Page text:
In northern climes, the seasons change with the drastic shudder of majestic trees who shiver naked in the cold, dripping with icicles, and await a spring of budding leaves, flowers, and a summer of vibrant and quickly fading greens. Here, atop ancient lava flows and a still-soggy lake-bed, like life itself, the seasons move slowly.
Winter is barely noticed; marked by a slight drop in temperatures, and the occasional need for a coat or sweater in the evenings. Spring arrives, wet and unforgiving, and a grey haze takes over the city. That is, when you can distinguish the clouds from the smog – and in the distance, Popocatepetl stretches to the sky, covered in a white blanket, but surrounded on all sides by a green cloak.In the city itself, jacarandas are blooming, bearing an uncanny resemblance to Dr. Seuss’ truffula trees – covered in purple blossoms, but without leaves. There are other trees whose blossoms awaken first, of course, but I don’t know their names – some a red, others yellow, a few look like they could be related to poinsettias. The city is awash with color under a gray blanket. And yet, the change happened slowly, imperceptible to the denizens of the city, but perhaps obvious to tourists.
Now, it is summer. The landscape is a lush green, and the rains come less frequently. The last spring blossoms are still visible, and the nopale cactus has come into bloom. The pace of life here has grown significantly slower, with vacations approaching rapidly and national holidays creating gaps in the work schedule.
Produce at the neighborhood tianguis is looking more and more delicious, and the number of boxes carrying imported fruits is decreasing steadily. Now, the market tables are heavy with mamay, several types of mangoes, chicozapote, guava, strawberries, blackberries, papaya, melons of all types, pineapples, plantains, bananas…more fruits than I can possible describe. The vegetable selection is equally delightful, and despite being just a small street market, the variety is impressive. Every Monday and Wednesday the red tents go up, and a gourmand’s paradise is erected.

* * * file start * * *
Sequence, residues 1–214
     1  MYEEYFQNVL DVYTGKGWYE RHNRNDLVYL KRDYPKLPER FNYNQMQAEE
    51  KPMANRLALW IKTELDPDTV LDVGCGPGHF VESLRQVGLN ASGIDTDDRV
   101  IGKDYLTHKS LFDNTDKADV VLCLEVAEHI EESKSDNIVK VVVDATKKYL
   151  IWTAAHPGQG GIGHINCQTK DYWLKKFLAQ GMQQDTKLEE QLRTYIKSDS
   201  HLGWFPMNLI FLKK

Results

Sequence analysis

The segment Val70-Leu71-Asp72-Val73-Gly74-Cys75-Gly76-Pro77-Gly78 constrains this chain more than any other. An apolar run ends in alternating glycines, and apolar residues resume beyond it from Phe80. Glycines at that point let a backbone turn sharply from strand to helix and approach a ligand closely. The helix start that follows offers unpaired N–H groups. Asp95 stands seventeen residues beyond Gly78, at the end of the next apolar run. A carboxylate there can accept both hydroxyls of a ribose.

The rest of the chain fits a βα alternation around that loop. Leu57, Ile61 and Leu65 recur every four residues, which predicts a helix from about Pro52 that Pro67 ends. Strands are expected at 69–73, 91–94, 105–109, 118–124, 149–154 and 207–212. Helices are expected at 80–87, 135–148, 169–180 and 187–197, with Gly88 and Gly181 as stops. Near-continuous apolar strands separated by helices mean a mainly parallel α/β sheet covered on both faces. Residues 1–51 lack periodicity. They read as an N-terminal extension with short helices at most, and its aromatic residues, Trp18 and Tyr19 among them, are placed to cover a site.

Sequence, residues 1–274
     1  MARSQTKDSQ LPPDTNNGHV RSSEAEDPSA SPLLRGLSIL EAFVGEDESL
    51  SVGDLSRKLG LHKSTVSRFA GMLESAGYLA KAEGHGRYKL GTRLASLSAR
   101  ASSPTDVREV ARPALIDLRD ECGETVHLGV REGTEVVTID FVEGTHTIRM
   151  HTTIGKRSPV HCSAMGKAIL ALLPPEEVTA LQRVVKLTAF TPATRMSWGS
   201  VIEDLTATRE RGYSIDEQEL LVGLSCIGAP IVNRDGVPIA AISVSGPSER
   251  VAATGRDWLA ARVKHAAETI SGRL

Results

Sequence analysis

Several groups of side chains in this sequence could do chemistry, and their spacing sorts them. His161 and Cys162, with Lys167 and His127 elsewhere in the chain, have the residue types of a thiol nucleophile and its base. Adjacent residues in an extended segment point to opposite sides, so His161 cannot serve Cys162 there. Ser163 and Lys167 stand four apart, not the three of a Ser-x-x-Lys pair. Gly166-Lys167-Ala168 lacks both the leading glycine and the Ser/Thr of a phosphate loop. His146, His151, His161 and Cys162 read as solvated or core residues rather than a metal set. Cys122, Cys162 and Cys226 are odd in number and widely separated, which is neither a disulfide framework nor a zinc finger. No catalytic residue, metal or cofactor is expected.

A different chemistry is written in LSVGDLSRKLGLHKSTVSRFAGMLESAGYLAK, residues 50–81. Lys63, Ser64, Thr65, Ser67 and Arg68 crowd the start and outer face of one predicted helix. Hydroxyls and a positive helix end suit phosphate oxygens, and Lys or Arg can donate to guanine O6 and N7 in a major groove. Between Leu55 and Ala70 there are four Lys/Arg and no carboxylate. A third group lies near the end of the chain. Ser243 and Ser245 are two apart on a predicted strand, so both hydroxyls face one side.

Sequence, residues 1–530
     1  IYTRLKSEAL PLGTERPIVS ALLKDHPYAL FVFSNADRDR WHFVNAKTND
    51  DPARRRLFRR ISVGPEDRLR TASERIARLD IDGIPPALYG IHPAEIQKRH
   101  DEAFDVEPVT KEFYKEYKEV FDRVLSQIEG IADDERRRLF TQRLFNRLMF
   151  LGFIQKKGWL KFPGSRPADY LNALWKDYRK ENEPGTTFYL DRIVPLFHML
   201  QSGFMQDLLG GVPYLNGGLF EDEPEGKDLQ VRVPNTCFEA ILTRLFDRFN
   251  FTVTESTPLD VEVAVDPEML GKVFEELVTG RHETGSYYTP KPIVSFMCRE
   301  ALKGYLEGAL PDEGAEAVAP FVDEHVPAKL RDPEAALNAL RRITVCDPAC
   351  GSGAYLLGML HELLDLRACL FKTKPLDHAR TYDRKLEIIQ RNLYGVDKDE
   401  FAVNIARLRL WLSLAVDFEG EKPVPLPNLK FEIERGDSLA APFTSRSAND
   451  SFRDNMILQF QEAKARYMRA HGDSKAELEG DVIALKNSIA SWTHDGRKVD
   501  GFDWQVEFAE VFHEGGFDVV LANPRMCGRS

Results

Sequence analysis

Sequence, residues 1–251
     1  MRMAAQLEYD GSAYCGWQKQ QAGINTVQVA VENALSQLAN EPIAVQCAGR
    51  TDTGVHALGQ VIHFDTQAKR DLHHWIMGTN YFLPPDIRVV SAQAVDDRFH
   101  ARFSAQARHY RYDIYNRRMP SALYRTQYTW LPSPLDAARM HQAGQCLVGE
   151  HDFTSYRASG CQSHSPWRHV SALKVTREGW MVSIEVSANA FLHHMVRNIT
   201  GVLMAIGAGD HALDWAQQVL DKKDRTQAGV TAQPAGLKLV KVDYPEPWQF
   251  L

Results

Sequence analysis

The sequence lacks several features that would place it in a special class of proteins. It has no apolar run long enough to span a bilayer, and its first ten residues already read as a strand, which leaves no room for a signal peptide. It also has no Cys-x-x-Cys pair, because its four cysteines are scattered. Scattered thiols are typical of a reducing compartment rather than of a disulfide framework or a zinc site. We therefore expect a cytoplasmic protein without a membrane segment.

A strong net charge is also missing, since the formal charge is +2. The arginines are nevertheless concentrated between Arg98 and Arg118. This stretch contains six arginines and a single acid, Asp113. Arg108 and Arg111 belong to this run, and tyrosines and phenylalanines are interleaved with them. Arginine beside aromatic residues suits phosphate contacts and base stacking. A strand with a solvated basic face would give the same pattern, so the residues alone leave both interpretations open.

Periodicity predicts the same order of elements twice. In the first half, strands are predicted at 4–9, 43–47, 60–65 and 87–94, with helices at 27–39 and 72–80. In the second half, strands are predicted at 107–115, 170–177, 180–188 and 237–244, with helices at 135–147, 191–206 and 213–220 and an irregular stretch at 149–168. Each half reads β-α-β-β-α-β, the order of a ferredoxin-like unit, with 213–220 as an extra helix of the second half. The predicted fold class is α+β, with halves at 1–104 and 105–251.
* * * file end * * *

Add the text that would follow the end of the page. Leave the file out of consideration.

Summer also marks the election season here. On July 1st, the new president and several members of Mexico’s senate will be elected. Tempers, like temperatures, are rising steadily. Advertisements for classes, concerts, movies and plays are being replaced by election slogans. Everything that can be covered with election posters is – apartment buildings, cars, busses, lamp posts, street signs (don’t try finding new locations at this time of year!), the city is papered like a bizarrely over-sized present, waiting for a lucky – or perhaps not so lucky – politician to unwrap it. Equally prevalent are claims of electioneering and fraud. The students are organizing protests in public and private universities, twitter-verse is being monitored by local newspapers in the hopes of determining who the real winner will be, since many suspect polling houses have been bribed. Quiet meals in restaurants disappear as political debates, commentary, and parody take over.
I am waiting for the elections with the eager anticipation of an outsider. Their results will impact me heavily, but I cannot participate. For the first time, I am unable to voice my opinion publicly. In fact, citing article 33, I am expressly forbidden from participating in political conversations, rallies, protests, etc. in any way. I am mute, but not by choice. I’ve never understood how my husband felt when we were living in the US and he was the one unable to vote. Now, I can empathize. It’s a suffocating sensation. The world around you will change drastically. You have no choice but to be a part of it, and yet you can’t be a part of the process. Stakeholder or not, you are left out in the cold, a silent observer.
That’s all for today. I know I have once again fallen short of 1000 words, but I’ve at least made a start. There’s not much more on my mind at the moment, and I’m not the kind of person who can write just to occupy time and space. I find it droll and annoying. That said, there is one change to announce in the purpose of this blog. I know, I know, I’ve just started writing, so how can I change things so quickly? Right? Well, after conversing with the hubby, we’ve agreed to take the opportunity to write together from time to time – challenging each other to a new topic every day, and writing our 1,000 words together. I’m not sure how many times we’ll actually do this, but we’re aiming for a daily blog on both our parts. Most likely, we’ll end up writing once a week. I’ll do my best to maintain my normal entries on our days off…